Eomer stepped back and a look of awe was in his face. He cast down his proud eyes.
Here, Aragorn carries himself in such a way that no one can deny his nobility and greatness. The same scene in the movies carries no such gravitas. Aragorn is just another weary traveler.
Let’s move on to Aragorn’s wrestling with Sauron over the Palantir. In the movie of Return of the King, Pippin looks at the seeing stone. Aragorn rushes in to help and faints after grasping the stone for a time.
In the book, during the muster of Rohan, Legolas notices that Aragorn is weary and a shadow has covered him. He asks him what has happened since last they met.
“A struggle somewhat grimmer for my part than the battle of the Hornburg,” answered Aragorn. “I have looked in the Stone of Orthanc.”
“You have looked in that accursed stone of wizardry!” exclaimed Gimli with fear and astonishment in his face. “Did you say aught to — him? Even Gandalf feared that encounter.”
Gimli is, of course, referring to Sauron. Even Gandalf feared to test wills with the Dark Lord by looking into the Palantir. But notice how Aragorn replies.
“You forget to whom you speak,” said Aragorn sternly, and his eyes glinted. “What do you fear that I should say to him? Did I not openly proclaim my title before the doors of Edoras? Nay, Gimli,” he said in a softer voice, and the grimness left his face, and he looked like one who has labored in sleepless pain for many nights. “Nay, my friends, I am the lawful master of the Stone, and I had both the right and the strength to use it, or so I judged. The right cannot be doubted. The strength was enough — barely.”
He drew a deep breath. “It was a bitter struggle, and the weariness is slow to pass. I spoke no word to him, and in the end I wrenched the Stone to my own will. That alone he will find hard to endure. And he beheld me. […] To know that I lived and walked the earth was a blow to his heart, I deem; for he knew it not till now.”
Aragorn willingly underwent a contest of wills with Sauron, the Dark Lord…and won. He took control of the Palantir and, in doing so, reclaimed what was rightfully his. Remember that even Gandalf was afraid to try.
In the Extended Edition of the film, we do get a scene where Aragorn confronts Sauron through the Palantir, but all he does is show off his new sword and then gets spooked by the images shown to him by Sauron. Aragorn does not wrest the Stone back to use for his own purposes. There is no recognition of his kingly rights, and at best, the battle of wills is a draw.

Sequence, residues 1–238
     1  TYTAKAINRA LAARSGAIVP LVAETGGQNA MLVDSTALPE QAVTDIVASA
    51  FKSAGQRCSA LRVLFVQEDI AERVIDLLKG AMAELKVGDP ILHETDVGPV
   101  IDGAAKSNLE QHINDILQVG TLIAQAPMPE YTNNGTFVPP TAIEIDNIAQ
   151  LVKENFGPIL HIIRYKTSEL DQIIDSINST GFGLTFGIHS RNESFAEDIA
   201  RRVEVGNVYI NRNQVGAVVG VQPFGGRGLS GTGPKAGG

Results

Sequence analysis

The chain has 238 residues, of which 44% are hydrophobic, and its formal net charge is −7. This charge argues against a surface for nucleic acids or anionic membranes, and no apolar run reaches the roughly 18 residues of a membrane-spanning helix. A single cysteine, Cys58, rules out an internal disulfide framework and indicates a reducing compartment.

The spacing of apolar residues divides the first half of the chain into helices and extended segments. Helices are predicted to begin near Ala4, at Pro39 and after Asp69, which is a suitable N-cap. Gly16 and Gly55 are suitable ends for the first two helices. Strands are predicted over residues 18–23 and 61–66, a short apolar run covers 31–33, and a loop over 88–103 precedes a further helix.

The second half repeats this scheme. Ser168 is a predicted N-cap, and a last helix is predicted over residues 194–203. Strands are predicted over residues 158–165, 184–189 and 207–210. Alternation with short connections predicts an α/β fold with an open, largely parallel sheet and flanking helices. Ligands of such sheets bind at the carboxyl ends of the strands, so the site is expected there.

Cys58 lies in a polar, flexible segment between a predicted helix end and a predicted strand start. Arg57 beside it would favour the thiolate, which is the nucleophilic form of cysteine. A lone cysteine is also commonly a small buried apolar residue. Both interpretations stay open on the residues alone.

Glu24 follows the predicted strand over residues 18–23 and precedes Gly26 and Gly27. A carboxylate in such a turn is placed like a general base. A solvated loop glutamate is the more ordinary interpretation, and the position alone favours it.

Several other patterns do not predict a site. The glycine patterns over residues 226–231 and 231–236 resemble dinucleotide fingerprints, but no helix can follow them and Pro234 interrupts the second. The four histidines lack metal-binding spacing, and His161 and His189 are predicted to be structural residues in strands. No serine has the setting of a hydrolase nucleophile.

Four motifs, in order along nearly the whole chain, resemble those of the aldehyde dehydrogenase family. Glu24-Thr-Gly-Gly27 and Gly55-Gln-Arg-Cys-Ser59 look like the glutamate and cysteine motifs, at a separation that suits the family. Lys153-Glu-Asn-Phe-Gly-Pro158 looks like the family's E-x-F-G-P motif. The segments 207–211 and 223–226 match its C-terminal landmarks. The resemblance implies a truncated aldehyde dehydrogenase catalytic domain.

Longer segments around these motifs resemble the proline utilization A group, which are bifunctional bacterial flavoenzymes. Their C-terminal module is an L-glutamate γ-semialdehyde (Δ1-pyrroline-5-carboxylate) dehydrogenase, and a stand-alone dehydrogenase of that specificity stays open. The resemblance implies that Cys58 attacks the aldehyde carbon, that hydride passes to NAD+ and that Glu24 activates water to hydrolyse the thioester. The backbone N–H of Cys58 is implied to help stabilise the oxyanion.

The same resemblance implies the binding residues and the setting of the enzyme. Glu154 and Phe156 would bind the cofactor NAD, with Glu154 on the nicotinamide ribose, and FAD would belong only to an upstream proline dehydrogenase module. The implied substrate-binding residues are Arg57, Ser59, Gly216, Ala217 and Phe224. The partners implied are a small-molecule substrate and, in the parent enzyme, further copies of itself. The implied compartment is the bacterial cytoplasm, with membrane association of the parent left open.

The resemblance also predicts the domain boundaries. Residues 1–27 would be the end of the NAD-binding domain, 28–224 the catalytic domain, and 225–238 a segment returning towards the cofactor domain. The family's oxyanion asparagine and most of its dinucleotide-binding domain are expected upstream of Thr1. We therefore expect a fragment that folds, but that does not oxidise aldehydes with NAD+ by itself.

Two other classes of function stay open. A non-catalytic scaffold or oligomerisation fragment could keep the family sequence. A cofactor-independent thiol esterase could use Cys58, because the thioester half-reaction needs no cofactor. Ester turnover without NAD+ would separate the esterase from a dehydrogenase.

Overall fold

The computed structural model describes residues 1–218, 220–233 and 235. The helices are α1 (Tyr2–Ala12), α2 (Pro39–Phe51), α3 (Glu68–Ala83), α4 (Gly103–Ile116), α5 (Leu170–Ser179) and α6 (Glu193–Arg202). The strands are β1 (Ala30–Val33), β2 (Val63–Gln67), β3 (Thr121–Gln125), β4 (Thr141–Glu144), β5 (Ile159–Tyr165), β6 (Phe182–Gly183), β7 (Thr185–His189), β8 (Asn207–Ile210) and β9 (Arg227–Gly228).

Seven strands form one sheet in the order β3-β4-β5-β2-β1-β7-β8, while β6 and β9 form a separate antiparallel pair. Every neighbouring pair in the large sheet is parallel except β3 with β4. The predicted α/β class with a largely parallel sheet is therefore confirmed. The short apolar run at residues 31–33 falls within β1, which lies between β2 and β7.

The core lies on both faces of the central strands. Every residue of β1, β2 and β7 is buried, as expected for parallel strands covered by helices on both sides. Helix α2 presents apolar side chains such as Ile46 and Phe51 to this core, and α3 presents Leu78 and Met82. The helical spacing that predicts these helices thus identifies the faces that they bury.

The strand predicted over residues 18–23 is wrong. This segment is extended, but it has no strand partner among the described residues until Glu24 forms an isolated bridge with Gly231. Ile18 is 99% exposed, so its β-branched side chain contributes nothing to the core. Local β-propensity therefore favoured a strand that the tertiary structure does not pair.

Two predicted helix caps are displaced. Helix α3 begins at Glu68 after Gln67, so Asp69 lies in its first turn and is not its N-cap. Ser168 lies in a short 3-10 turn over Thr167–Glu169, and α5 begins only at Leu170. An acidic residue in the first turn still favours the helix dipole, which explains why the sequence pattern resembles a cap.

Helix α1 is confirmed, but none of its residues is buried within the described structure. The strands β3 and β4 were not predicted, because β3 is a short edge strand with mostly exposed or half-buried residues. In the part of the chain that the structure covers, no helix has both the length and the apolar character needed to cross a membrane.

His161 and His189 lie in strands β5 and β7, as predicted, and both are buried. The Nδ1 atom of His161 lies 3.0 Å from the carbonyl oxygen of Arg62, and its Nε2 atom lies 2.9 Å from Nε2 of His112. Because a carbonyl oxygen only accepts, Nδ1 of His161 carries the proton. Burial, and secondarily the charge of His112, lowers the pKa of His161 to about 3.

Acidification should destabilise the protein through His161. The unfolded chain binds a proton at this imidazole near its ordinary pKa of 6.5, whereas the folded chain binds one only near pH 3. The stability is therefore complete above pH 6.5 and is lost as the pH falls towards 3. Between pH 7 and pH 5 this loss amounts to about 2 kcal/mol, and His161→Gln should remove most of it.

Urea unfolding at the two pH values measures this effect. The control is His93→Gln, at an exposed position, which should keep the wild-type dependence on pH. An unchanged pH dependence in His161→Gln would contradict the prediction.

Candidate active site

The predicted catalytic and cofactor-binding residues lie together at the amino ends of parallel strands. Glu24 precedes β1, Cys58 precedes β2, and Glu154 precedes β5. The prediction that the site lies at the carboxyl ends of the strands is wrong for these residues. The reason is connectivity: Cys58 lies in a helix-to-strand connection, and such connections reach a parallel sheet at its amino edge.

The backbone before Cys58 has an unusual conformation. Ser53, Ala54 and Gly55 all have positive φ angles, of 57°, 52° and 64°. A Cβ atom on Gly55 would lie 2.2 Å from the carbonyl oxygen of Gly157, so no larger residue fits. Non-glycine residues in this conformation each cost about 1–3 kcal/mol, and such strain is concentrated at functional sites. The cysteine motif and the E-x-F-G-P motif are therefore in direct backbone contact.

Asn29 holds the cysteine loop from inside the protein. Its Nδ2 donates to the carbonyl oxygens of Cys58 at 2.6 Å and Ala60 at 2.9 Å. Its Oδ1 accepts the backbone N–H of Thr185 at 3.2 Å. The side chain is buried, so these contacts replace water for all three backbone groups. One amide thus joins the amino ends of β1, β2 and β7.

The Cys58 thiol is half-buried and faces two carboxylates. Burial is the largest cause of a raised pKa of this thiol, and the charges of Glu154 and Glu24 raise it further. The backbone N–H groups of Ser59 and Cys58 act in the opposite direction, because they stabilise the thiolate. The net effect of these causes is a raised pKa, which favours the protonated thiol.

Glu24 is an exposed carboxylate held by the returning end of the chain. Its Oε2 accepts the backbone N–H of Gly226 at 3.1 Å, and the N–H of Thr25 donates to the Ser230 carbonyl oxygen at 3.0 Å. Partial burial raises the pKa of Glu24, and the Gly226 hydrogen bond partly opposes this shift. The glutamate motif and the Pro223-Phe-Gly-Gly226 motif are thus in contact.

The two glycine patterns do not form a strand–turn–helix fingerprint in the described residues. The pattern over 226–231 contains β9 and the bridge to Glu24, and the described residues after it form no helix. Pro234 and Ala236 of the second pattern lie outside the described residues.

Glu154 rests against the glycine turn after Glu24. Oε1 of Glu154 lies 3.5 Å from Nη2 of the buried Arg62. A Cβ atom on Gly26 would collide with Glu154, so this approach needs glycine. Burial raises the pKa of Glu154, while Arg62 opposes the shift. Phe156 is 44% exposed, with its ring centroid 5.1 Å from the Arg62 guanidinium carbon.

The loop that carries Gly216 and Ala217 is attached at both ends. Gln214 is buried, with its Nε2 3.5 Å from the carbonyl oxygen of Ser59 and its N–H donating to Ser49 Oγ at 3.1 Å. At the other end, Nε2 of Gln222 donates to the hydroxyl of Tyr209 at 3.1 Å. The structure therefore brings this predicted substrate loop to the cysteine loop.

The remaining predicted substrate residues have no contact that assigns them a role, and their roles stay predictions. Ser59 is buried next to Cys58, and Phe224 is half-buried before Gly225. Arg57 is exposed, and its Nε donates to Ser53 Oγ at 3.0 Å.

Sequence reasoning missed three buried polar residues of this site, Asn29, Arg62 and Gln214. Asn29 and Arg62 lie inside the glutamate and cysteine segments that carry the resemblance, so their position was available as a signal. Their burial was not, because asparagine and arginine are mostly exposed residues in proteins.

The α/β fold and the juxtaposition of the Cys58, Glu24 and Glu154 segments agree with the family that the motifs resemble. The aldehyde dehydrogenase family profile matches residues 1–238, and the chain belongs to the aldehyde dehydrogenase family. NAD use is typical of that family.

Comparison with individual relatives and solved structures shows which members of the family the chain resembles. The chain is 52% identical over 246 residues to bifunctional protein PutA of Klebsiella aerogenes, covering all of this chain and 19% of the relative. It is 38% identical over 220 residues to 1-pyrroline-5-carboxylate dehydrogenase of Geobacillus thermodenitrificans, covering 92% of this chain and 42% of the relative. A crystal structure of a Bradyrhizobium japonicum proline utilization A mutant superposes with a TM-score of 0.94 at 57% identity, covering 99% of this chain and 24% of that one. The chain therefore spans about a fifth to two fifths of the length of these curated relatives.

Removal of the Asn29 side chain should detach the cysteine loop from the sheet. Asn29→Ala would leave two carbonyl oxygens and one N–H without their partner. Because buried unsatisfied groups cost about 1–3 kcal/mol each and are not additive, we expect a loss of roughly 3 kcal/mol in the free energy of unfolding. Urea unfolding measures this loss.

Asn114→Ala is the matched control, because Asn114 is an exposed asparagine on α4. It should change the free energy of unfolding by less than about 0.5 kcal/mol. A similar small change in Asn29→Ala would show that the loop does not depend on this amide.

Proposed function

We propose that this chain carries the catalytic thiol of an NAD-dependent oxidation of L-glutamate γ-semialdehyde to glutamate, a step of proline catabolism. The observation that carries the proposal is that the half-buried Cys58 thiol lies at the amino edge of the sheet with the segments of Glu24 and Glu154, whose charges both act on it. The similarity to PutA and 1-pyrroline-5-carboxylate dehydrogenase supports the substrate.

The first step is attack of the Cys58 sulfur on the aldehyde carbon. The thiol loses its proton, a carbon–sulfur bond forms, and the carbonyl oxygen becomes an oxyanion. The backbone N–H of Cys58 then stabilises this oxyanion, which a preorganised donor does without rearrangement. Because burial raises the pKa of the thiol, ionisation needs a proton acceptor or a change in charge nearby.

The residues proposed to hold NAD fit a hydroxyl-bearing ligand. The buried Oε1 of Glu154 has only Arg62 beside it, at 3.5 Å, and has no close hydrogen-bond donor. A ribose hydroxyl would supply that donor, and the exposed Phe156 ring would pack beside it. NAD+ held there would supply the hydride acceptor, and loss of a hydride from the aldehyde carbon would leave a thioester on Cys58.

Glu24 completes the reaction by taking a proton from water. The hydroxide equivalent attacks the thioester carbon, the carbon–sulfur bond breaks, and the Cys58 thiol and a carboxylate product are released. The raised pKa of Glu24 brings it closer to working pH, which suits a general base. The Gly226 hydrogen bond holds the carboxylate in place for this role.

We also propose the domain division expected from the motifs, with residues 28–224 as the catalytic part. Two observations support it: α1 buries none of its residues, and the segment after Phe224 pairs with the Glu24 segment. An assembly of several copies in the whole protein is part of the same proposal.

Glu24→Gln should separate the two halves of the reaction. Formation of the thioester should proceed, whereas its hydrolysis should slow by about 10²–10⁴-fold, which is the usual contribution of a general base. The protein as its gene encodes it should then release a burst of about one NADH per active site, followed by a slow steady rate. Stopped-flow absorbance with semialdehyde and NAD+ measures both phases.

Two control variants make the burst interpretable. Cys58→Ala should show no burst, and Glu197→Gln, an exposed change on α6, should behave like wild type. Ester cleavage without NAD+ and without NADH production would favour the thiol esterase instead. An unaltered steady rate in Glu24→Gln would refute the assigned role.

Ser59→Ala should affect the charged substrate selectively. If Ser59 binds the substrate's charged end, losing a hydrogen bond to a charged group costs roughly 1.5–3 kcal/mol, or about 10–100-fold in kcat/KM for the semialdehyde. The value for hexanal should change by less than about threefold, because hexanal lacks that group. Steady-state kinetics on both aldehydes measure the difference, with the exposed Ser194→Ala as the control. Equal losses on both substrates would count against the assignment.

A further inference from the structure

Finally, toward the end when Aragorn is crowned. In the movies, the hobbits make to bow, but Aragorn tells them “My friends, you bow to no one.” This is an astounding misunderstanding of kingship and the throne. Of course the hobbits would bow to the king. They are his subjects.
In the book, Aragorn takes Frodo and Sam and sets the hobbits on his newly established throne.
…he turned to the men and captains who stood by and spoke, so that his voice rang over all the host, crying: “Praise them with great praise!”
And that makes all the difference.
A Defense Against Worse
In comparison to the Aragorn of the books, the Aragorn of the movies is a loser who doesn’t even understand what kingship and authority mean. I do give Jackson some slack because to portray Aragorn from the books accurately would take a perfect confluence of casting, acting, and writing, with maybe a smidge of alchemy or magic. Probably impossible.
But he could have gotten closer.
There is one good thing that comes from the pale shadow of the movies. The image looks close enough to the original that it will be a long, long time before anyone attempts more movie adaptions. For that, we can be thankful. An Aragorn that suited the proclivities of the “current year” would be insufferable and border on blasphemous.
Based on The Rings of Power, we know things could be so, so much worse.
M.A. Franklin's Bluster and Brine is a reader-supported publication. To receive new posts and support my work, consider becoming a free or paid subscriber.